Thursday, January 30, 2014

Back in the studio at Sanskriti...

The trip to and from Jaipur was what did it. All that local color, the markets, the painted trucks along the highway, the beautiful Hindi script everywhere mashed up with ads for Pepsi, Vodaphone and Airtel. I came back to Sanskriti with all that color and all those baroque Indian shapes in my head.

Market stalls and a plethora of everything.


Fancy, hand-customized trucks.

Acres and acres of mustard fields on the way to Jaipur.



Each piece, 20" x 16", began with a paint spill on Mylar, cut out and glued to a sheet of Rives BFK. After that, the colors and shapes of what I'd seen started to emerge onto paper. If you see animals and people, strange birds, monkeys, and dancers, yes, they are all there somewhere.

Here are a few of the pieces I completed, and in some ways I know they are just a beginning.The possibilities are endless! The series is tentatively called "Passing Strange".









Printing and Natural Dyeing on Fabric in Jaipur

It was chilly. About 55 degrees F. and there they were, standing barefoot and completely drenched in the dye water. It's the real thing... human labor, not machines, stamping resist patterns onto yards of cloth, then dyeing the cloth in natural dyes like indigo (from plants) and iron oxide (from rusted metal). But what beautiful results.

This is how fabric is dyed with indigo - large cement vats outside the main building.





The stamp mud resist process (or dabu) involves a carved wooden block that is dipped into a water soluble resin. While it is still wet, fine dried mud is sprinkled onto it to prevent the dye from seeping beneath the pattern. The fabric is then dyed, and afterwards, the resin and mud mixture is washed away, revealing the natural fabric color beneath.


Handcarved wood blocks create the printed fabrics. A lot of fabric is silkscreened as well, but we did not see that process in action.



Fabric designs are covered with dried  mud in preparation for another color bath.


Outside the buildings, long sari fabrics in jewel like colors dried in the breeze.











Visiting Paper and Textile Factories in Jaipur

Sanskriti Kendra is an oasis amidst the chaos that is Delhi. It is an enclave of small museums and terraced desert gardens dotted with residences for artists and writers built for the summer heat. Thick walls and shaded courtyards graced with bougainvillea make for a lovely setting.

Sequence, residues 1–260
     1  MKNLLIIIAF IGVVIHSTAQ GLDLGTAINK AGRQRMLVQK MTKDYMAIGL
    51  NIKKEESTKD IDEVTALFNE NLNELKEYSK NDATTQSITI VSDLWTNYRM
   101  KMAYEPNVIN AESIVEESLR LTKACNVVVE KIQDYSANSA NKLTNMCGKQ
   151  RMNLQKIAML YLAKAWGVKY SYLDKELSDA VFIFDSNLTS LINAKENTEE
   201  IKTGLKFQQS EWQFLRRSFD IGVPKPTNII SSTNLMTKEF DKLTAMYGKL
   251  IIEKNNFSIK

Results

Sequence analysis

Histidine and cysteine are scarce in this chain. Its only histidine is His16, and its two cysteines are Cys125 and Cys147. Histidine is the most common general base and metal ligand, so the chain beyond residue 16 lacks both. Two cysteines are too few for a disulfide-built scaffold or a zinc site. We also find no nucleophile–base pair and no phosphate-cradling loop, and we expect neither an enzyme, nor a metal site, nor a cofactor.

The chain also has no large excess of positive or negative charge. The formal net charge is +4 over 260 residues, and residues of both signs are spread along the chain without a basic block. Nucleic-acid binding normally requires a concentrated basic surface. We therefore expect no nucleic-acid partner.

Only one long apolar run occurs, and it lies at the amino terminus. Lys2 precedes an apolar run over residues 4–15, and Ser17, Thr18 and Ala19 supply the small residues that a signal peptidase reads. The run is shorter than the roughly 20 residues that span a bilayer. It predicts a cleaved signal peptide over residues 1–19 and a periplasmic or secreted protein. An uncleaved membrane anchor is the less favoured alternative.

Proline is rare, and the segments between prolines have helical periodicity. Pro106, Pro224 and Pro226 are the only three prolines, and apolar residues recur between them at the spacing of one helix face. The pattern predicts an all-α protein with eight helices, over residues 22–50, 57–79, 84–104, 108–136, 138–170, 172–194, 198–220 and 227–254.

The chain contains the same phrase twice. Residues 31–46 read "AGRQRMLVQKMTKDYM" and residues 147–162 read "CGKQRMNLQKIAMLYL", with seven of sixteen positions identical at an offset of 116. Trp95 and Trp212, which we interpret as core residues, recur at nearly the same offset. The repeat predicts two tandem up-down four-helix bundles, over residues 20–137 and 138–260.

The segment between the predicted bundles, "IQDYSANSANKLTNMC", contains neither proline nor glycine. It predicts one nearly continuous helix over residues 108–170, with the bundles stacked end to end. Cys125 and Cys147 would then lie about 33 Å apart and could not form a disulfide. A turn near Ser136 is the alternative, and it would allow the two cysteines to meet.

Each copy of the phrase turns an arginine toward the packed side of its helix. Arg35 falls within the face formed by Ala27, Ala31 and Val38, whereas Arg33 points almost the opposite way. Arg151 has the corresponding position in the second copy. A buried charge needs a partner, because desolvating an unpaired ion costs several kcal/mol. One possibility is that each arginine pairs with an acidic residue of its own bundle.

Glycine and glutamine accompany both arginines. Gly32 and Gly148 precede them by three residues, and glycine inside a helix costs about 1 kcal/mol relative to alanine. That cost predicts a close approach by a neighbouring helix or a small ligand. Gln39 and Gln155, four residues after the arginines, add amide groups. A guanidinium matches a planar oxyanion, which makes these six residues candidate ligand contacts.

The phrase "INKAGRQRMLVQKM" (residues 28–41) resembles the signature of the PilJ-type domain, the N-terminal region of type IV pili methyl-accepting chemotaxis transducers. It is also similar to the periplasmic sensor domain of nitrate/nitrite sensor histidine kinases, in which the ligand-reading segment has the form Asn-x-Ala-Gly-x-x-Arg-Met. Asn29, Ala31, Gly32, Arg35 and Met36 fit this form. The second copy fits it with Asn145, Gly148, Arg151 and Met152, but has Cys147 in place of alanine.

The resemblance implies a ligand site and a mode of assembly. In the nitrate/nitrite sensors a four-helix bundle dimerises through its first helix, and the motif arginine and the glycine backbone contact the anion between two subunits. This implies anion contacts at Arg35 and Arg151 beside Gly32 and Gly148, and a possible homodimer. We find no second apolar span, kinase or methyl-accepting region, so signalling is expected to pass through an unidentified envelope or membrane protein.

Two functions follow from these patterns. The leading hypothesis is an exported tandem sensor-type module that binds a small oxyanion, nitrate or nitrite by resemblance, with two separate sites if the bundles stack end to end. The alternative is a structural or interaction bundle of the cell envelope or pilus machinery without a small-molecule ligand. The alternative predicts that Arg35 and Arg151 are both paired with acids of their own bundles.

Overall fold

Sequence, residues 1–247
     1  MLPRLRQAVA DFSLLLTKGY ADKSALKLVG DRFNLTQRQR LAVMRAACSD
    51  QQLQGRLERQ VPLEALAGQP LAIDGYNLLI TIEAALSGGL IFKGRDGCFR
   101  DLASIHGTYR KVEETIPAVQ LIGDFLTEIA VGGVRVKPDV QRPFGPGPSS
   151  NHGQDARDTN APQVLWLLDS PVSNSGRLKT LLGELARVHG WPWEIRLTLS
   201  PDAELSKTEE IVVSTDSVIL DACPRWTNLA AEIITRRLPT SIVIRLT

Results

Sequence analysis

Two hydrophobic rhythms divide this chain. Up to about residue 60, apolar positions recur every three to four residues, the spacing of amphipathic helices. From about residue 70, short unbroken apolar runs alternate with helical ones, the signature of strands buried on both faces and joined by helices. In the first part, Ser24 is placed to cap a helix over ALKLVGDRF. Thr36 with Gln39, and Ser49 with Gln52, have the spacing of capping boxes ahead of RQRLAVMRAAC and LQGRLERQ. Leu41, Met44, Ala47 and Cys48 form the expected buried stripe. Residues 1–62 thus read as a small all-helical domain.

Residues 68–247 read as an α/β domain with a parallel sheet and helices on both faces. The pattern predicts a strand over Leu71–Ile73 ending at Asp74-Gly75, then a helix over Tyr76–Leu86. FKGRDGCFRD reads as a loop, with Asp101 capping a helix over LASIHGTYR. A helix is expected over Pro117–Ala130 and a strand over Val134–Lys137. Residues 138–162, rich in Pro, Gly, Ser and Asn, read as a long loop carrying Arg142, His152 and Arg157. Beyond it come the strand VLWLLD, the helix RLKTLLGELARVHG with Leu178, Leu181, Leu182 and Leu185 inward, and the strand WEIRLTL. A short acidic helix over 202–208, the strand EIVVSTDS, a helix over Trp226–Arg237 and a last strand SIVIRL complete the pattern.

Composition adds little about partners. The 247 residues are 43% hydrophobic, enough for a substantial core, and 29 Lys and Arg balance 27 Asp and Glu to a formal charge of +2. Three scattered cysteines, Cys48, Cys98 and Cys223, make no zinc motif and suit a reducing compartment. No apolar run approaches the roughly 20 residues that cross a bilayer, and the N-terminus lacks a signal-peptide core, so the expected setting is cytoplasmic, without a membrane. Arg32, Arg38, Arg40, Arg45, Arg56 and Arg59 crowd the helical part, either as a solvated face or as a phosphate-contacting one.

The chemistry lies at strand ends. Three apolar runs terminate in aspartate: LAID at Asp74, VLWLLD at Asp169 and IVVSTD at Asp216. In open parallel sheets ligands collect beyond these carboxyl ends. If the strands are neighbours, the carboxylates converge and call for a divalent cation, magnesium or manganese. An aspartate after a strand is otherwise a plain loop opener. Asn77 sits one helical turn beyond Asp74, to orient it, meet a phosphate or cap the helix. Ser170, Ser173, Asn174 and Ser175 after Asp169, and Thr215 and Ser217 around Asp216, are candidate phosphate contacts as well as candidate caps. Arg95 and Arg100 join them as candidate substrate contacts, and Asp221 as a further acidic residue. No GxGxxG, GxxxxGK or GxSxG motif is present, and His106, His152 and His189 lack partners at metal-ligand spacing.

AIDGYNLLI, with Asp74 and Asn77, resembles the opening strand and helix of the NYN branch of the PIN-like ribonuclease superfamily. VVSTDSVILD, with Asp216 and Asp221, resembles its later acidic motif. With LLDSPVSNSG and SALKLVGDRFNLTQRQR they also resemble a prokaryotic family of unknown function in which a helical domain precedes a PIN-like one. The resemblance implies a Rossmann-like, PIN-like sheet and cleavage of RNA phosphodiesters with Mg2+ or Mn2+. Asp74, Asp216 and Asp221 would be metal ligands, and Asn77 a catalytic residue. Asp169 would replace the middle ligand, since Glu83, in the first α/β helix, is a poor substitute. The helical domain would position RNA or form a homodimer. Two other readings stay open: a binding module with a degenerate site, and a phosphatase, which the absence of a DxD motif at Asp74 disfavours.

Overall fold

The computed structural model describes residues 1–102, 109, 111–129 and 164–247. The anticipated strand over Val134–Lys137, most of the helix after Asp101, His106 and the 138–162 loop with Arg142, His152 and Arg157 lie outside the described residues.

BUT - it is hard to leave on a whim. A woman alone can not just walk to the local cafe or get a drink at the corner restaurant. There is a quiet road leading to the superhighway to Delhi, but watch out for the monkeys! I was actually surrounded by some angry monkey moms who thought I was threatening their babies. The facial expression on one of them did not leave me wondering if I should hang around a bit longer! I began to feel a bit trapped and really needed to grab some friends and go into Delhi or take a field trip.

Fortunately, my friends Anne and Hartash scheduled a field trip to Jaipur, about 7 hours by car from Delhi. Jaipur is the heart of north Indian textiles and papermaking. We were very fortunate to visit several factories and watch the process. We might as well have been in the 18th century. Hard physical labor and painstaking hand work which would cost a fortune here in the first world is available at a fraction of the cost in India.


Paper is made from cotton scrap, recycled clothing and other fabric. It is separated by hand, then made into paper pulp. Dye is added for stunning color. Each sheet of paper is made by sifting water from a layer of pulp that is collected onto a screen. It takes two men to quickly dip and then dump the completed sheet of paper onto a stack. Paper is dried outside usually, since this is typically a very dry climate (except during the summer monsoon season.)





An installation all by itself, right? Lines of gorgeous colored paper hung up to dry.



Ideas emerge

Ok, so India, northern India, specifically Delhi, is a lot to take in. Speaking for myself, my soft American psyche was a little overwhelmed by, well, everything! The crowds, the smoky air, the language gap, the amount of sensory input, the food, the traffic, and the incredible beauty of so much that I saw as well. Truly, I saw cows, monkeys, pigs, and stray dogs grazing for food among the trash in the traffic intersections. How do you even wrap your head around that one?

But I came here in part to make some art, and I needed a focus. At the Sanskriti museum, there happened to be a wonderful exhibition of shadow puppets, painted on stretched and cured goatskins. I was immediately drawn to them because of their shapes. The puppets depict Hindu gods and goddesses, animals, and what all, very fancifully painted and often quite large. That was it. That worked with my interest in shape. And then it all came together for me.

Here are some of the puppets.